Email I wrote to my sisters:
So everything today went very well. Grama was beautiful. I mean, really truly beautiful. I felt like it was such an honor to be there in that moment with her, I will never forget it, ever.
I drove there unannounced, as I had planned. I noted that Dad’s truck wasn’t there, so that took the edge off a little bit. Uncle Rick saw me at the door and he opened it for me and I immediately gave him a hug. I was bound and determined to hang onto him for as long as he would let me, and he did let me, for longer than I thought he would. He said he would go get Aunt Linda. So I stood in the kitchen till Aunt Linda appeared and I gave her the giant-est hug I could give her, too. She semi-mildly accepted it, and when we all sat down at the kitchen table over by the window and I got a chance to look into their eyes, I instantly felt this calm reassurance that I was exactly where I should be. I felt like this is my uncle and this is my aunt and they love me and this is what I came for. I had expected it to feel like it usually does with this half of the family – awkward and unfamiliar and forced. But it wasn’t like that at all – at least not for me.
I felt I owed them an explanation for why I suddenly showed up, so I stumbled a little bit as I told them that I wanted to see Grama and see them and see how they were doing. I made a joke then, that Dad told me not to come, so “here I am!” and they both laughed. Uncle Rick, appearing to me as a much less-threatening version of Dad sitting across from me, with the same voice and the same facial features but different build and entirely different eyes, told me a little bit about how Grama was doing day-to-day, and how they were sure that things were going to end sooner than they had, but Grama is still holding on. The way he put it is that “she’s not ready to leave us yet.”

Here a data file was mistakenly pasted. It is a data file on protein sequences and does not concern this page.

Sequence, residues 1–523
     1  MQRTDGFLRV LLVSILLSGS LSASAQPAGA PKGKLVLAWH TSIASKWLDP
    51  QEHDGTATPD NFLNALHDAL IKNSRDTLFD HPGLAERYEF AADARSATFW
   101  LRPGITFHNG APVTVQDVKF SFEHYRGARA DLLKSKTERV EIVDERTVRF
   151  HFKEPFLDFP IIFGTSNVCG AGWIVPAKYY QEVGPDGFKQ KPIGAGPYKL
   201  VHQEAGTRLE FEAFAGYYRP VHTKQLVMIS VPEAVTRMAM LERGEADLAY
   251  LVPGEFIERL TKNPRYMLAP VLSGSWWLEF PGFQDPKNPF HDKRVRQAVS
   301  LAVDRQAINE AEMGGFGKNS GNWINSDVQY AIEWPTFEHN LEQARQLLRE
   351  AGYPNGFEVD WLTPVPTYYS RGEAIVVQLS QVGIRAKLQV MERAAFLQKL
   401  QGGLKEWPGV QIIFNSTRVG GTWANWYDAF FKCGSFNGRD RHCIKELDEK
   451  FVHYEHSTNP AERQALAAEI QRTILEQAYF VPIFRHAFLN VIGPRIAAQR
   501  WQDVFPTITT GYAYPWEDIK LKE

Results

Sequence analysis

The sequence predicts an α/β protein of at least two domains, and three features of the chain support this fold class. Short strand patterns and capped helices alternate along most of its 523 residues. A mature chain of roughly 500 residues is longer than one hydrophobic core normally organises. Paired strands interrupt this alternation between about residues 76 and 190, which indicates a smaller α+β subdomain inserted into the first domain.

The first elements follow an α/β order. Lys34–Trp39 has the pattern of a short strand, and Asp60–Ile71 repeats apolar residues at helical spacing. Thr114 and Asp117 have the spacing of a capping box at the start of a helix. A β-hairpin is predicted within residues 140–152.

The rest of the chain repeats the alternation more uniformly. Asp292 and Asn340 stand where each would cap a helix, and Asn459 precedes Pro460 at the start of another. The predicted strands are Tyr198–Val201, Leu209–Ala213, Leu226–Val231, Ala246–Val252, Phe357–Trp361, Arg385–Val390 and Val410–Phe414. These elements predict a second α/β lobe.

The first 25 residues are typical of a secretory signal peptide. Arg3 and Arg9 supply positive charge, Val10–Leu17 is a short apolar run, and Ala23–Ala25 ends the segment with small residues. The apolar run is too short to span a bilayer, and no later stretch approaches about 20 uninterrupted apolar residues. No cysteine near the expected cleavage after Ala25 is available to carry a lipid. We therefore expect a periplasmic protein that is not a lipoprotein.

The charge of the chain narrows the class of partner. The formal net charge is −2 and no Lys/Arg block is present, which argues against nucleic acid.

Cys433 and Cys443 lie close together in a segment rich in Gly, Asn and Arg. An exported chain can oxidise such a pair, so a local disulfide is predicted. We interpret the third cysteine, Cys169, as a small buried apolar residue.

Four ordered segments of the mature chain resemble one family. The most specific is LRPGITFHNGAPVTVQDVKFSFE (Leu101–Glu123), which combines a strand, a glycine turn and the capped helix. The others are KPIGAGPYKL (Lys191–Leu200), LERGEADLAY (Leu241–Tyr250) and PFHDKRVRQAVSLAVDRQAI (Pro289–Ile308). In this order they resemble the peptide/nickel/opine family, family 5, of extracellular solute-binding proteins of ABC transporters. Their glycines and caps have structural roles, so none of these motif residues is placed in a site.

They asked about me, they asked about you guys, we talked about jobs and the kids and where everybody was at and what everybody was doing. I asked Uncle Rick about his dogs (they just got a new puppy; he is 7 months old) and asked Aunt Linda about her grandkids (of which I knew not one of their names) and she told me about the camping trip they had just been on together, how Howard renovated an old trailer and revamped the whole thing to be brand-new and that’s what they took with them for that trip in June.
Then, somewhat abruptly, Aunt Linda said, “well, why don’t you go see her?” and Uncle Rick said, “okay, let’s go see Grama” and he stood up. He stopped at the entrance way into the dining room and put his hands on the edge of the stove and turned to me and said something to me. I can’t remember what it was, because all I remember thinking of is how much he sounded like Dad. The way he said it, the attitude he said it with, the inflection in his voice – I guess I just forgot how alike they are. So the words he said were something about how it’s going to be when I go in there, preparing me for what Grama might say or do, and how best to handle it. Oh yeah – I remember now. He told me to speak right close into her ear; that when they do that, she seems to pick up on what you’re saying better than if you are just facing her and talking.